The Speaker of Canada’s House of Commons apologized Sunday for praising an individual at a parliamentary meeting who served in a Nazi unit during the Second World War.
Two days earlier, Speaker Anthony Rota had recognized 98-year-old Yaroslav Hunka before the Canadian parliament as a “Ukrainian hero.” Hunka served in World War II as a member of the SS’s 14th Waffen Grenadier Division, according to the Friends of the Simon Wiesenthal Center, a Jewish human rights organization that demanded an apology.
In a statement, Rota took responsibility for what was characterized as a mistake, calling the initiative “entirely my property.”
“Subsequently, I became aware of more information that made me regret my decision,” he said, adding his “deepest apologies” to the Jewish communities.
The recognition came after a visit by Ukrainian President Volodymyr Zelensky, who thanked Canada for its help in his country’s war against Russia.
After Zelensky’s comments, Rota recognized Hunka, who was in the stands, and praised him for his fight for Ukrainian independence against the Russians. Hunka received two standing ovations from those present.
“At a time of increasing anti-Semitism and distortion of the Holocaust, it is incredibly disturbing to see the Canadian parliament stand up to applaud an individual who was a member of a unit of the Waffen-SS, a Nazi military branch that responsible for the murder of Jews and others. the Friends of Simon Wiesenthal Center said in a statement, demanding an apology earlier Sunday.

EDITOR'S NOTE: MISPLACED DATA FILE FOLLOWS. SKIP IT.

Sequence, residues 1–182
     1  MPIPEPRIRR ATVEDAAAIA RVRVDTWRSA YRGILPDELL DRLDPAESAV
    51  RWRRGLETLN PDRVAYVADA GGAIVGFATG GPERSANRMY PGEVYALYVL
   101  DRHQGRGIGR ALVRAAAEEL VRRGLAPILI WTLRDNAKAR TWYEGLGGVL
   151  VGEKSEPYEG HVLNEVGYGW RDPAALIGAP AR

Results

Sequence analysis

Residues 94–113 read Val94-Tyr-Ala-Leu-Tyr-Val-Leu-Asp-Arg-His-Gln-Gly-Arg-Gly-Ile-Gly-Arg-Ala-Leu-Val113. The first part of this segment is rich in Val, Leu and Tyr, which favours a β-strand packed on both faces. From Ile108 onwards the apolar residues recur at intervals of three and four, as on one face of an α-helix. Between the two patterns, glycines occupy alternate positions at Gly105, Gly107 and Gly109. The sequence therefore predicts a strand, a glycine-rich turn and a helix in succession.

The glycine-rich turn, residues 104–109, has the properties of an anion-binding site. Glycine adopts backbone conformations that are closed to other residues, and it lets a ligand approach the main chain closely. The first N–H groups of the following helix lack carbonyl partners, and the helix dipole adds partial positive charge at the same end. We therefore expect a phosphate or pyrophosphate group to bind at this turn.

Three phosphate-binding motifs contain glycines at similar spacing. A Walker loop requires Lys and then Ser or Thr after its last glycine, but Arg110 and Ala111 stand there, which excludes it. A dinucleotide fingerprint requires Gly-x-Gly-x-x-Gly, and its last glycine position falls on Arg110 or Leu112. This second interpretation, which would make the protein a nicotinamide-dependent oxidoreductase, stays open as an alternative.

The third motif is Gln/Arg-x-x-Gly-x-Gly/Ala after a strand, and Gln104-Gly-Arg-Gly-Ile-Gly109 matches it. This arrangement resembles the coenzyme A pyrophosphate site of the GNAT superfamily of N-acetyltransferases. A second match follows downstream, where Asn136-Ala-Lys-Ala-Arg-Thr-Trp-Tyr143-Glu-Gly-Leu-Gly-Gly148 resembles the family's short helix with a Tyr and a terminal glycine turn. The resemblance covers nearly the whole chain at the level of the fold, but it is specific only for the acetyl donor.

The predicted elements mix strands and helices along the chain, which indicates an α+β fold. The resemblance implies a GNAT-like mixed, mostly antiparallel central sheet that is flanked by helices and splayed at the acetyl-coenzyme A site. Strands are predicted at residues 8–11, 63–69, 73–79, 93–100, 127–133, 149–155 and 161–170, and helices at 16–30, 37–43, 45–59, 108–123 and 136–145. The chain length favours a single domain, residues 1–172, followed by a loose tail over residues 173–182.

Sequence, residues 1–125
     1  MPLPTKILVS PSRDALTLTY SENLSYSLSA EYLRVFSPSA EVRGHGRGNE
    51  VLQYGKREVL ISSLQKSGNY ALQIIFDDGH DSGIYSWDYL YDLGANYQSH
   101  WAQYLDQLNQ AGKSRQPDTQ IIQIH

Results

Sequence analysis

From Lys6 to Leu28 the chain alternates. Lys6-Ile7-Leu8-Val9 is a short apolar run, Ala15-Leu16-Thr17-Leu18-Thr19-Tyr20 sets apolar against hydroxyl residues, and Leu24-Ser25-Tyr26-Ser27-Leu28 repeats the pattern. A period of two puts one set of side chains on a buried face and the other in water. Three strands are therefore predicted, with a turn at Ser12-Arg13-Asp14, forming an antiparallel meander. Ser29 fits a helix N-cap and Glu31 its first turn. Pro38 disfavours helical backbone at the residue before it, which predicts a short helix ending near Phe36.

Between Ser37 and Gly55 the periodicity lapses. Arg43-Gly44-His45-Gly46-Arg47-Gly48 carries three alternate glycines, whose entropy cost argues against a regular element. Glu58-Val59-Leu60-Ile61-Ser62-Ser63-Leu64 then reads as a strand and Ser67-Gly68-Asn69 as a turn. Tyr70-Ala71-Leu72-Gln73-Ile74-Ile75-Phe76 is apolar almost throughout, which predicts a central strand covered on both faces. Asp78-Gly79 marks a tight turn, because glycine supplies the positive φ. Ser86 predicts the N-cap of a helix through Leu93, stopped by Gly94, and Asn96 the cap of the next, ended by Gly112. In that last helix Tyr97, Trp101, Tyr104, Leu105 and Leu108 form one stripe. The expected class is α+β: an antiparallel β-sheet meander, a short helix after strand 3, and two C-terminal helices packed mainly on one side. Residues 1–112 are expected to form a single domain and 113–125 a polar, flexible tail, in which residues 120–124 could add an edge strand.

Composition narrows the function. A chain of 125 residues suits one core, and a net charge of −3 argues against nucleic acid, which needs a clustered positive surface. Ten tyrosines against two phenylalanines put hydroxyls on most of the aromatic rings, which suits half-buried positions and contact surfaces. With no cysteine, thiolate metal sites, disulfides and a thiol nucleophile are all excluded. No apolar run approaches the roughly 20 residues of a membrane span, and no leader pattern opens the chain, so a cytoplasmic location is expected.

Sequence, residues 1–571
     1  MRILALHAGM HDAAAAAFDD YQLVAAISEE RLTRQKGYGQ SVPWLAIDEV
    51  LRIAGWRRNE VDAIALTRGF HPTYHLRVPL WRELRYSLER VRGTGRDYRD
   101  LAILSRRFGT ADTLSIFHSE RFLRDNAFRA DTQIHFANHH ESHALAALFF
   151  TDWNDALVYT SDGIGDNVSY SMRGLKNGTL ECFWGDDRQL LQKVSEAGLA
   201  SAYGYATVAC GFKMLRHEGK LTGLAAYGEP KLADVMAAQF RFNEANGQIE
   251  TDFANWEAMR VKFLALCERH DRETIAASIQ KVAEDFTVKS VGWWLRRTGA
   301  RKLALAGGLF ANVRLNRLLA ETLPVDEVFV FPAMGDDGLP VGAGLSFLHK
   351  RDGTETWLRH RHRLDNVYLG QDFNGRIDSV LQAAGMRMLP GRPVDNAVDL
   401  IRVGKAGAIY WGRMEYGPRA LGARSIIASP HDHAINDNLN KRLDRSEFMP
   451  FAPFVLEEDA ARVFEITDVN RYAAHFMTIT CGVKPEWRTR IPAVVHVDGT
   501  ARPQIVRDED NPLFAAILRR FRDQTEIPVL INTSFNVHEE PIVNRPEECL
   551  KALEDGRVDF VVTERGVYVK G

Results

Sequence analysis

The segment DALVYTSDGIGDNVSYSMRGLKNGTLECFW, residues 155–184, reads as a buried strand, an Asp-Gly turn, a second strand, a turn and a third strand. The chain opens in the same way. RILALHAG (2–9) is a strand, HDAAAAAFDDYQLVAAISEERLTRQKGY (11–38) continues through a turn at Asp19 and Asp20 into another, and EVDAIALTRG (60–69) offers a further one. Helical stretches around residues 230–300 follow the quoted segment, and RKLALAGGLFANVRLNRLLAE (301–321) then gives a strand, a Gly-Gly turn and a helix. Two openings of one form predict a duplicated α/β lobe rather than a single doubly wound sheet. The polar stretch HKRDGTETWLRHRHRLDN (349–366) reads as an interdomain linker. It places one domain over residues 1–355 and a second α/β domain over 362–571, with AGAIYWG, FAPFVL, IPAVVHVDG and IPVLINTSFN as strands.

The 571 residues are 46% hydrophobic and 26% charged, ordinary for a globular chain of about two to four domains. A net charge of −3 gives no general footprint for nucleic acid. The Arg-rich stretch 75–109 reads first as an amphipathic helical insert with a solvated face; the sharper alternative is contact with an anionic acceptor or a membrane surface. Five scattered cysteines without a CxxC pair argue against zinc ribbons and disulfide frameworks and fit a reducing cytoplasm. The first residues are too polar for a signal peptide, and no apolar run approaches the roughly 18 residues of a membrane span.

“An explanation must be given as to how this individual entered the hallowed halls of Canada’s parliament and received recognition from the Speaker of the House of Representatives and a standing ovation,” the group added.
Russia’s state news agency RIA quoted Russia’s ambassador to Canada, Oleg Stepanov, as saying the embassy will send a letter to Prime Minister Justin Trudeau and a note to Canada’s Foreign Ministry on Monday.
“We will of course demand clarification from the Canadian government,” RIA Stepanov said.
Russia launched a full-scale invasion of Ukraine in February 2022, saying the aim of the “special military operation” was to de-Nazify and demilitarize its neighbor.
Kiev and its Western allies say the aggression, which has since left thousands dead and millions displaced, was an unprovoked land grab. Washington has said that Moscow’s false justification for the war was nothing more than the Kremlin’s attempt to “manipulate international public opinion.”
Rota added in his statement that no one, including fellow parliamentarians or the Ukrainian delegation, was aware of his plans or comments in advance.
Hunka could not be reached for comment.
(Except for the headline, this story has not been edited by NDTV staff and is published from a syndicated feed.)